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Curt Vendel: The Escapist Interview

Howard Wen | 5 Jun 2007 12:01
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TE: Why replicate the internals of the Atari VCS for the Flashback 2, and not just emulate the hardware?

CV: The purpose was to give people the exact game experience, not to tamper with the existing designs on that particular project.

TE: How has the Flashback 2 done in sales since its original release? What's the latest possibility of a follow-up, a "Flashback 3"?

CV: Flashback 2 did exceptionally well. 860,000 sold in U.S./domestic. Unfortunately, Atari didn't order units in a PAL format for the U.K./European markets. Otherwise, we'd have easily broken the million mark.

A new product was developed, and if the timing can be worked out, there is a good chance of it making it to retailers shelves for the holidays.

TE: What is this "new product"? There have been rumors that the "Flashback 3" could be based on the Atari 5200, the 7800, the 2600 again - with new games, or with some form of cartridge slot - or a magical combination of any of these three. Can you hint what the next Flashback to come will feature?

CV: It will be based on the 2600 architecture, but this time we are enhancing the game experience with newer display and interfacing technologies and putting the system together into a form factor that Atari had never before delivered to gamers.

TE: The so-called plug-n-play TV game business isn't covered much in the mainstream gaming press. Is this still a profitable market, or has the appeal for these systems waned?

CV: It's still quite profitable and has evolved. When we designed the Flashback 2 and Atari sold it to retailers, it set the bar very high for the plug-n-play market. The Flashback 2 was not some "toy," but in fact a game console. Atari can now be considered the king of the "entry level console market" in a round-about way, I suppose.

TE: What's the coolest Flashback 2 mod you've seen?

CV: Someone had completely redone their case, and actually put the cartridge slot right back where it originally was on the original Atari 2600's and added some great switches to it; it looked fantastic. Another person did a whole Tron theme case. It's great to see all of the creativity that people have shown when modding their Flashback 2's. A lot more people did the cartridge mod than I thought would have, so it's good to see people having a lot of fun with the consoles.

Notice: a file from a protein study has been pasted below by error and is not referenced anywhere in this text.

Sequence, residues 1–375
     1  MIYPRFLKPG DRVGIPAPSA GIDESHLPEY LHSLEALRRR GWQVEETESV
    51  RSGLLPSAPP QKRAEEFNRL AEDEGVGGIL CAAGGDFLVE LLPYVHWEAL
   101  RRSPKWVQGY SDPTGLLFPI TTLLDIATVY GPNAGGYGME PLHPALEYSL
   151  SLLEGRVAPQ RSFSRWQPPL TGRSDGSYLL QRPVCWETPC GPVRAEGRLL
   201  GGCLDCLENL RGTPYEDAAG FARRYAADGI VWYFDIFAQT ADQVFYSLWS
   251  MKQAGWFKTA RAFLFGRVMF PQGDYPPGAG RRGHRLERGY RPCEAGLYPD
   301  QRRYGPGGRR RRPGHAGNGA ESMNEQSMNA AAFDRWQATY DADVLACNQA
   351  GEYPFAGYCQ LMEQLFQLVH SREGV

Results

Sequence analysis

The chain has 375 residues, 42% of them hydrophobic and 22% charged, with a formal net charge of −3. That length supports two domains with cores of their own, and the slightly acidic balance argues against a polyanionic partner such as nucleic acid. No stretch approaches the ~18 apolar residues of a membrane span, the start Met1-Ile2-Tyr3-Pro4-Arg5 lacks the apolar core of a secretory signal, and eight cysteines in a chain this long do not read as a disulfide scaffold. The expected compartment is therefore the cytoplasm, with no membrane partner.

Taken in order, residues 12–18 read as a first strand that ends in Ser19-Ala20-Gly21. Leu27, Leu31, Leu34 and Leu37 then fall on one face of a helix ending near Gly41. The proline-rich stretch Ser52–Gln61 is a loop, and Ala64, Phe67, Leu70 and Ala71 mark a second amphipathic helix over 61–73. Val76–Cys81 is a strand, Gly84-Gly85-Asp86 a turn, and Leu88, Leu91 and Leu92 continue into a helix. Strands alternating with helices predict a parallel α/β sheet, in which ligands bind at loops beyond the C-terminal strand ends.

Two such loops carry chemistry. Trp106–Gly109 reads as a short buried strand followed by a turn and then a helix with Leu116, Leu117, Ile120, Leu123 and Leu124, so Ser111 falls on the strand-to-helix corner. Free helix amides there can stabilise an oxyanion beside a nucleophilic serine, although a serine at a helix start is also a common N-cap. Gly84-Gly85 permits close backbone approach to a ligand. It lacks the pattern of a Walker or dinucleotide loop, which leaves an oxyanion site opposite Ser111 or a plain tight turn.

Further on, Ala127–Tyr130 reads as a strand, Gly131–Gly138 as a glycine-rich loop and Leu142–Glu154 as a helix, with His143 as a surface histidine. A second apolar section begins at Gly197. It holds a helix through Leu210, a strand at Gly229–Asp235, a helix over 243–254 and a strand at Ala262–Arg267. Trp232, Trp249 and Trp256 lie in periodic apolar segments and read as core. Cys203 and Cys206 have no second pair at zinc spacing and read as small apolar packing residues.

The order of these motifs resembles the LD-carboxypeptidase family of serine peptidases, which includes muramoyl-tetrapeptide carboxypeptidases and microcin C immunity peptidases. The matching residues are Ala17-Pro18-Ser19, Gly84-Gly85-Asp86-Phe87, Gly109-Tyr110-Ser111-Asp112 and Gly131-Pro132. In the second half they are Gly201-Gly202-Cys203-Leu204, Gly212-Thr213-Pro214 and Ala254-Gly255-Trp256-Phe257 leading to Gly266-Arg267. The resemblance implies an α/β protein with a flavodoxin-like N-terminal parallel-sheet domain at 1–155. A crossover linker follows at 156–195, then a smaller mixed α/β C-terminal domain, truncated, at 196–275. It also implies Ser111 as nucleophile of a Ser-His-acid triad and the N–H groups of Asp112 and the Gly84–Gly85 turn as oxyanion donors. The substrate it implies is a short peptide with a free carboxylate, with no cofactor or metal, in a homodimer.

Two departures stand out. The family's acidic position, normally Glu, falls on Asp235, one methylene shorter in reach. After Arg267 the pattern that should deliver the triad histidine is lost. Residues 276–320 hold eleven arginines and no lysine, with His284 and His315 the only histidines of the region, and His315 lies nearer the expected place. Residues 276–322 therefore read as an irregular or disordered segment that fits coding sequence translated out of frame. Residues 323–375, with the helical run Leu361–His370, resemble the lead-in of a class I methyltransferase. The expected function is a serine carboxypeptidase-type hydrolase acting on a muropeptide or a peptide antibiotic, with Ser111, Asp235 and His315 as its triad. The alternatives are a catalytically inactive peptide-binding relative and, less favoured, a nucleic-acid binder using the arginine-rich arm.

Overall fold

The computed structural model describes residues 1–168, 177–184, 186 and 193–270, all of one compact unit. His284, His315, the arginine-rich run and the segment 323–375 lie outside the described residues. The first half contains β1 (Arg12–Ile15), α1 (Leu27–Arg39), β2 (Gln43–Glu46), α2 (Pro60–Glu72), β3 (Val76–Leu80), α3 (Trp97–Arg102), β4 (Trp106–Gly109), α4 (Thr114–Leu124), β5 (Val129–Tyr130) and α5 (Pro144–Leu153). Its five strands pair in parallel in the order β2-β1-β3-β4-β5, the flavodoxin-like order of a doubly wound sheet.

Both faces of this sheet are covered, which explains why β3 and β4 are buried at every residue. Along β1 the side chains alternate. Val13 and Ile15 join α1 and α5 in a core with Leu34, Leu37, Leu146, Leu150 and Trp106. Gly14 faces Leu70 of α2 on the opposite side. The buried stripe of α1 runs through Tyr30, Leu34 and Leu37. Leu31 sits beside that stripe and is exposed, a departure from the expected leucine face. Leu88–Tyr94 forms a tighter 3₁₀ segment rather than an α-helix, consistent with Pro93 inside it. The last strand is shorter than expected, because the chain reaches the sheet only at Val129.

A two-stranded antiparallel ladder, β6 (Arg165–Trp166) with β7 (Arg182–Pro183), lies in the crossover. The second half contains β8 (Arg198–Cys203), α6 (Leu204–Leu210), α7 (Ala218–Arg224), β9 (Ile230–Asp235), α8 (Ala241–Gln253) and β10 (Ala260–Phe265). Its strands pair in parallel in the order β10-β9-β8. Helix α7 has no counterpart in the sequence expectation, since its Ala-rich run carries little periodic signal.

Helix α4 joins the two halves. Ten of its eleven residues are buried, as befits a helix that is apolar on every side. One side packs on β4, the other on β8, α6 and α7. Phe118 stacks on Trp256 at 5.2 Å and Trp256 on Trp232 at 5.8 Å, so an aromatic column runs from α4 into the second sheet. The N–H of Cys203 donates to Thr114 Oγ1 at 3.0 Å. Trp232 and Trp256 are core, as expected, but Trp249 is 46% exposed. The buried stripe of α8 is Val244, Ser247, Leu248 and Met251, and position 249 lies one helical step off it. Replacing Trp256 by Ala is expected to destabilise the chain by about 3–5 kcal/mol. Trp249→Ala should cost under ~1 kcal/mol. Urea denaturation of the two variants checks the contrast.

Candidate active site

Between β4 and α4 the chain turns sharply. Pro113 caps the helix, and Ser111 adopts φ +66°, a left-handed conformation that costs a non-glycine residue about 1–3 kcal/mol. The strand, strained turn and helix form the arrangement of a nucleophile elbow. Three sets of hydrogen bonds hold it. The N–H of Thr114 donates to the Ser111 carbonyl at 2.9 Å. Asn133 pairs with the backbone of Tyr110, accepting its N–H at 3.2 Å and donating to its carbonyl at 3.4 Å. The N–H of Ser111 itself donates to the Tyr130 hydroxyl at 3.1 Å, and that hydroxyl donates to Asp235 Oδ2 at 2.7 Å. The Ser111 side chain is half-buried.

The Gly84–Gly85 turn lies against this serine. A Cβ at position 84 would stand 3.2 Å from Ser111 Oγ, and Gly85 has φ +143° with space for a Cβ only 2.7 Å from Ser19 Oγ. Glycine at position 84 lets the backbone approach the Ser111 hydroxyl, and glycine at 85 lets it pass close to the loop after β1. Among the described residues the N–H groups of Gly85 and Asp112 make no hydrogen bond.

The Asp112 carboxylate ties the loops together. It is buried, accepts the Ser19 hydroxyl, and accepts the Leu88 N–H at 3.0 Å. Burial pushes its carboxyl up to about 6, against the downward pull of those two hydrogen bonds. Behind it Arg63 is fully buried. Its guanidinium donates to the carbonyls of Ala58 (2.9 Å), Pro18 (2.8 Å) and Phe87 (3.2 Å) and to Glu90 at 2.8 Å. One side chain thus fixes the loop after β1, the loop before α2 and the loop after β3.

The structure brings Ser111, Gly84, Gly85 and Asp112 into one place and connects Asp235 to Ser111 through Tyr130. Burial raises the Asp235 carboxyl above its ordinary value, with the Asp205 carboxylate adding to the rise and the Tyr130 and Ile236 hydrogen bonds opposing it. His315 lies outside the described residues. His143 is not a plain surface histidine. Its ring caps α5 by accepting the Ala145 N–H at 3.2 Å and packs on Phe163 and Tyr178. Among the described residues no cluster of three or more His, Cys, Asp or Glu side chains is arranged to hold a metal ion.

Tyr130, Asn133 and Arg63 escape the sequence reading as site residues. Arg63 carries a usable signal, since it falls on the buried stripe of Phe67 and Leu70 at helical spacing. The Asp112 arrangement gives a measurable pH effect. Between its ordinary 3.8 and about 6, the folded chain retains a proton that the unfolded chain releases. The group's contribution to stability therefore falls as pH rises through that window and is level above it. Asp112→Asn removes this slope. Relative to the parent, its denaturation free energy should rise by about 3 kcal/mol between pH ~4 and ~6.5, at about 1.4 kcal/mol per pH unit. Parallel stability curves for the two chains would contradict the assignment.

TE: Nostalgia aside, what do you think has been the lasting appeal of the classic Atari games and consoles?

CV: Everyone knows and remembers Atari. Parents today were the arcade dwellers of the '80s. Now they can not only show their kids these great games, but they can probably beat them at them, too. It also comes down to something that even the industry itself is finally recognizing: It's not about massive amounts of CPU horsepower, full cinematic storylines or [Dolby] 5.1 or better stereo sound. It's about making games that are fun - fun but simple, too. Many would-be gamers don't want to invest 30 to 60 minutes just to understand how to play a game, its storyline, etc. Many want that "quick fix" - to step up to a game, pick up the controller and just play, have fun and enjoy themselves.

TE: Last question: Have you played Atari today?

CV: Not a day goes by that I don't.

Howard Wen is still pretty pissed off about how much the Atari 2600 version of Pac-Man sucked.

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